Editor’s note: This column originally ran in The Mountain Mail on Aug. 24, 2018.
We inhabit a world marred by animosity. I’m sure you hardly need me to give you examples. You can smell it in the air. You hear about it every time you turn on the evening news.
Of course, you can stick your head in the sand and only imbibe the uplifting stuff, but you still know that you’ve got your noise-canceling headphones on.
Whether it is global-scale politics or family-sized squabbles, the world is saturated with enmity. Like Cain in Genesis 4, we feel threatened by the presence of the Other. And as with Cain, sin is always crouching at the door, desiring to devour us.
This hostility is a symptom and manifestation of human desecration of God’s creation.
But the church’s perennial message is that God has initiated reconciliation between himself and his creation. Where we have turned away and run his world into the ground, he has taken the first step in making peace with us. Our message is also that one day he will finish what he started.
Reconciliation begins here, with God making peace between himself and his world. It begins with a God who takes his hands off the throats of people who have wronged him and makes peace at great cost to himself. Human reconciliation then is a symbolic and sacramental re-enactment of what God has already done.
So here’s one way to think of what church is: Church is a local community of people who embody the forgiving welcome of God among themselves. Actual flesh-and-blood people actually forgiving actual offenses because they submit to a God who has actually forgiven them. God help us!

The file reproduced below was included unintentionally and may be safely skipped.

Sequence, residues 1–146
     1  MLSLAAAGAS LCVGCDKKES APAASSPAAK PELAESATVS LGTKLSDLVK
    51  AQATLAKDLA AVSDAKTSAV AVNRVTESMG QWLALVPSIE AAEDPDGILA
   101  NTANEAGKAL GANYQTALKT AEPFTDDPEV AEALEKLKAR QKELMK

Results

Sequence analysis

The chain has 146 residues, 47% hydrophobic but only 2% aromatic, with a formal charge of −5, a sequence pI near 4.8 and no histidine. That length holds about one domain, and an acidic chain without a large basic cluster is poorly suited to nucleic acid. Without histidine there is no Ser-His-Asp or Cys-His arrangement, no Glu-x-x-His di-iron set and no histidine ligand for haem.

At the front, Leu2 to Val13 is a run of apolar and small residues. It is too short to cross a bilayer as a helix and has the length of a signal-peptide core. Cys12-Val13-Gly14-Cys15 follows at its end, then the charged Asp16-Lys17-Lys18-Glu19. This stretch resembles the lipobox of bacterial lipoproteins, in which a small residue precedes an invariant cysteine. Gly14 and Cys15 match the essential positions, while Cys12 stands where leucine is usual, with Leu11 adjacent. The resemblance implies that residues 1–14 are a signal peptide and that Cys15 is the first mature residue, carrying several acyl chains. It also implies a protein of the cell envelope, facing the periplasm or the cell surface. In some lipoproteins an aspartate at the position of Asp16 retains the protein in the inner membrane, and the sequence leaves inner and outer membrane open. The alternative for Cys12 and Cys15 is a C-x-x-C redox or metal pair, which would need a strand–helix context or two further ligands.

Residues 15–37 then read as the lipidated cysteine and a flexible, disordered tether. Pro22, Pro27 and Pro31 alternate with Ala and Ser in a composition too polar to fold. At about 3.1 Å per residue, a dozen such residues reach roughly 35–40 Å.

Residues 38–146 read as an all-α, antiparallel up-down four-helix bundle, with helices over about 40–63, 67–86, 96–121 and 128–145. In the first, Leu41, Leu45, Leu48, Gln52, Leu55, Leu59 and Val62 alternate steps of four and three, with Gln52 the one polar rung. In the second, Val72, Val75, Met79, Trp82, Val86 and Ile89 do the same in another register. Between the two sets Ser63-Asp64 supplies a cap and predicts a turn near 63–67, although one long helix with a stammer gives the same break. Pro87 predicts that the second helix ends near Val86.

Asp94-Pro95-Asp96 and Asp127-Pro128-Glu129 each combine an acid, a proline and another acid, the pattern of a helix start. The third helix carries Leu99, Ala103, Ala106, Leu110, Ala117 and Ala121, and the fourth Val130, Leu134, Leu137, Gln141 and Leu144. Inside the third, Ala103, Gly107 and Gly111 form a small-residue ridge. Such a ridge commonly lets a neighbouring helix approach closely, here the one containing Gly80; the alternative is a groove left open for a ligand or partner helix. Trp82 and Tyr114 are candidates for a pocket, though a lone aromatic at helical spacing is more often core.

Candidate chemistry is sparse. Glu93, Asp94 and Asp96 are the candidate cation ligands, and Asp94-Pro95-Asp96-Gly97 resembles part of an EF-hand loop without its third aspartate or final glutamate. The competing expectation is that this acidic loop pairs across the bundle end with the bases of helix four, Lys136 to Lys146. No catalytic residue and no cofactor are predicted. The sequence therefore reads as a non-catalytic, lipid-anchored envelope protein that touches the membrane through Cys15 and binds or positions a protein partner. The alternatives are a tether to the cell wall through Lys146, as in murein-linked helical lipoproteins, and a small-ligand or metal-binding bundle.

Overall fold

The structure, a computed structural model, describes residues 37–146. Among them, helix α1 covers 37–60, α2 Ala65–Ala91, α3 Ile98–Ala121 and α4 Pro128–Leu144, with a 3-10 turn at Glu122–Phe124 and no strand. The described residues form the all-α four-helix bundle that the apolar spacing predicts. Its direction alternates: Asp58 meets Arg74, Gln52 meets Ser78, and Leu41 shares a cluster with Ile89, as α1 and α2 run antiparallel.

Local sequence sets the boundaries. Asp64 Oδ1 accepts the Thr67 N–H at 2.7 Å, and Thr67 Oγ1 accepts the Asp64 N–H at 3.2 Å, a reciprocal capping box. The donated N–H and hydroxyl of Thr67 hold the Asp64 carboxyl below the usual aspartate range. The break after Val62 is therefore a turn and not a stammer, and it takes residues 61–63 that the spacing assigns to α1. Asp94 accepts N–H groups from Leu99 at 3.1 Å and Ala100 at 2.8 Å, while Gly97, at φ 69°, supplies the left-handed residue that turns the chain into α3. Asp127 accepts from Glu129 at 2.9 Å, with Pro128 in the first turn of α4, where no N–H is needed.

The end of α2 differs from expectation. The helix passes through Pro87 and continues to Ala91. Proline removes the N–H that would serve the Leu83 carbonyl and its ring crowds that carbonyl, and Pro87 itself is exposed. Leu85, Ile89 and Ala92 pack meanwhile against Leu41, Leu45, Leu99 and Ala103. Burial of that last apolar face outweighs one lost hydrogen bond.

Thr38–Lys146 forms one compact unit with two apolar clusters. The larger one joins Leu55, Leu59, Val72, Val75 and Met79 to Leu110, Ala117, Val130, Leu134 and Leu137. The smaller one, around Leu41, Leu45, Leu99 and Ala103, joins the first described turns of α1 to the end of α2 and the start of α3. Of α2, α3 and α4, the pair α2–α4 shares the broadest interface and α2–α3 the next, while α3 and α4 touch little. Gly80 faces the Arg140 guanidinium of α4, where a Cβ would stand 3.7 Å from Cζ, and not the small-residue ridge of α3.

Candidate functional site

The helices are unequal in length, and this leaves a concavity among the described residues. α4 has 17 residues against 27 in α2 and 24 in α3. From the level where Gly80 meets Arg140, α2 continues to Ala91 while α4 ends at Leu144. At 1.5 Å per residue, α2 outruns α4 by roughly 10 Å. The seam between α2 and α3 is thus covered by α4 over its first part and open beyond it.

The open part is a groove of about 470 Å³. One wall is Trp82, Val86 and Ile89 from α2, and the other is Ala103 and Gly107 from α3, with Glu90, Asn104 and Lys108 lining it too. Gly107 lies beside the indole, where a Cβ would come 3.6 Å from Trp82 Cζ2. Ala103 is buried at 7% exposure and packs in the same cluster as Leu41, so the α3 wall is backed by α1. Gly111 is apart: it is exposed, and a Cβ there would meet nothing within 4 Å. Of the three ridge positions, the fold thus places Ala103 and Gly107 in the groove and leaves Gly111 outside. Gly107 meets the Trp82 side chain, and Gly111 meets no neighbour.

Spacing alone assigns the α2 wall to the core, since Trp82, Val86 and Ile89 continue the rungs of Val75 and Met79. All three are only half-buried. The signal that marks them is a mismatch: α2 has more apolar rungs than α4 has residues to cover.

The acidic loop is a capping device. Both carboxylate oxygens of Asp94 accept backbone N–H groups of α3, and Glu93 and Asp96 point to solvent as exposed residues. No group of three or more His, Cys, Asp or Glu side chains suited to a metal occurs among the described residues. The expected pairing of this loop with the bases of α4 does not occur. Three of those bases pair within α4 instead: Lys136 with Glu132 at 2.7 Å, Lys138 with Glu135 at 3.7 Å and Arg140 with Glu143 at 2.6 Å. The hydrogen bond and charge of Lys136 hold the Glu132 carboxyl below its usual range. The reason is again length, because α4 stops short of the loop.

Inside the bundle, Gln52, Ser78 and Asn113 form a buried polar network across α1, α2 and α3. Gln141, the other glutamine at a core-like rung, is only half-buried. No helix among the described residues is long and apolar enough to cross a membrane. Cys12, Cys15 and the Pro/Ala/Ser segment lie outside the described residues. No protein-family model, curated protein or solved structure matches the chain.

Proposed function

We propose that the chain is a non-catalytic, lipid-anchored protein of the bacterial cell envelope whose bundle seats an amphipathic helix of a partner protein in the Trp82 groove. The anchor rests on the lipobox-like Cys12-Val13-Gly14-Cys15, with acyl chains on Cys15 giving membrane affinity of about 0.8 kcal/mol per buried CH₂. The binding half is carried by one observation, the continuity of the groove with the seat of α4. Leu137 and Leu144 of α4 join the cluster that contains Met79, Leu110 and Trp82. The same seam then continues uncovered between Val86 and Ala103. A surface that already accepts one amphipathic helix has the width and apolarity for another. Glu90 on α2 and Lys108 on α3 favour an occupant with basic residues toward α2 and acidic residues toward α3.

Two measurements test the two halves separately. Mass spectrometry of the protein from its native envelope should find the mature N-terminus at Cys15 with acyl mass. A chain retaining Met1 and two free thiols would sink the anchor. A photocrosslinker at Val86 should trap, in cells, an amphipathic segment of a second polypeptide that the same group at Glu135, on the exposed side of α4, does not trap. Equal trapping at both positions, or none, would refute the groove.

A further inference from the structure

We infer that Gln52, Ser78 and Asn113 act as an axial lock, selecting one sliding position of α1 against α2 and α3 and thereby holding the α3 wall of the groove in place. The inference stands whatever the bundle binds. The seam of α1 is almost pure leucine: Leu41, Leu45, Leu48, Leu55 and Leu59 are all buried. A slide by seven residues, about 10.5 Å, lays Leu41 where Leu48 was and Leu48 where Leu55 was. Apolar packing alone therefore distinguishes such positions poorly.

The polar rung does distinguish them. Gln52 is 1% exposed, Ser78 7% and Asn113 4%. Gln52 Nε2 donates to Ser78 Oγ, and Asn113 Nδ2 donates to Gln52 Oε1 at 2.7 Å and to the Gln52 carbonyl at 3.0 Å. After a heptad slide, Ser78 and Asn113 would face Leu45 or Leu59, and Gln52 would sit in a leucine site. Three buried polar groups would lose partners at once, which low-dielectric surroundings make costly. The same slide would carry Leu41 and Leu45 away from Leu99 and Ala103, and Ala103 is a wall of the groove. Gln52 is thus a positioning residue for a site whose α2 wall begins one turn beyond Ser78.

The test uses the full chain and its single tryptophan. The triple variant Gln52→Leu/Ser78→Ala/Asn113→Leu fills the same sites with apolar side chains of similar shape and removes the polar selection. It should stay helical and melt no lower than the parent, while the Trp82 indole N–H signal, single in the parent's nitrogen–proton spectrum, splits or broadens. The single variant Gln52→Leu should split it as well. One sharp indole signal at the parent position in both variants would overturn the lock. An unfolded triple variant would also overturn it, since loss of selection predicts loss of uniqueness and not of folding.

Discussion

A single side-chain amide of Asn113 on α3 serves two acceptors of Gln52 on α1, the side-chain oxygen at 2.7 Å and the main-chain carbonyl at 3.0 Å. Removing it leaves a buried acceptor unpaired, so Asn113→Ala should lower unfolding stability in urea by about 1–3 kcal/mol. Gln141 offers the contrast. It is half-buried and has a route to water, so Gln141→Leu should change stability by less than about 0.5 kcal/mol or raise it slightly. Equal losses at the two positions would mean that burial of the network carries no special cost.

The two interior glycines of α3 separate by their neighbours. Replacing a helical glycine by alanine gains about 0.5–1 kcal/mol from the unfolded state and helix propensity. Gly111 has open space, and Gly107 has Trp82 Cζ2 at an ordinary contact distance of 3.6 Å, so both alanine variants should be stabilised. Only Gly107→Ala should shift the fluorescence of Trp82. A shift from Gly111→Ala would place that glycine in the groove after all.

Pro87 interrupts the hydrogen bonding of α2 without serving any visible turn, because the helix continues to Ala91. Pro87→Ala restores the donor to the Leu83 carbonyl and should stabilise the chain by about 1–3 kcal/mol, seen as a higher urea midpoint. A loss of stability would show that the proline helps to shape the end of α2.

Church is a community of reconciliation, a network of people who embody the reality of God’s atonement in the way they treat one another. Church is where animosity is confronted with grace, enmity with hospitality and pride with love.
Church is a way of being in the world that is characterized by people setting aside that which divides us and embracing him who draws us together.
David Fitch has written, “Reconciliation is so central to the good news of what God has done in Christ that to see no reconciliation in our churches suggests there is no gospel in them.” A church full of grudges, unforgiveness, hostility, factions and racism is a church that has forgotten the gospel.
But a church that works at reconciliation among themselves and in the world is a church that understands and embodies what Christ came to accomplish.
When two people reconcile or when two groups make peace, a space is opened up for the kingdom of God. God’s will is done when humans come together in submission to his generous and benevolent lordship. God’s kingdom comes when antagonism and division are supplanted by hospitality and mercy.
When we pray, “Thy kingdom come and thy will be done,” we pray for nothing less than the dissolution of the boundaries we have erected between one another. We are praying for nothing less than healing, justice, forgiveness and recognition of Jesus’ sovereignty.
May the church be disciplined in this prayer. And may we be disciplined about seeking out opportunities to reconcile, humbly approaching people we have wronged and welcoming those who have wronged us.
The Rev. Parker Bullard is senior pastor of Poncha Springs Church of Christ.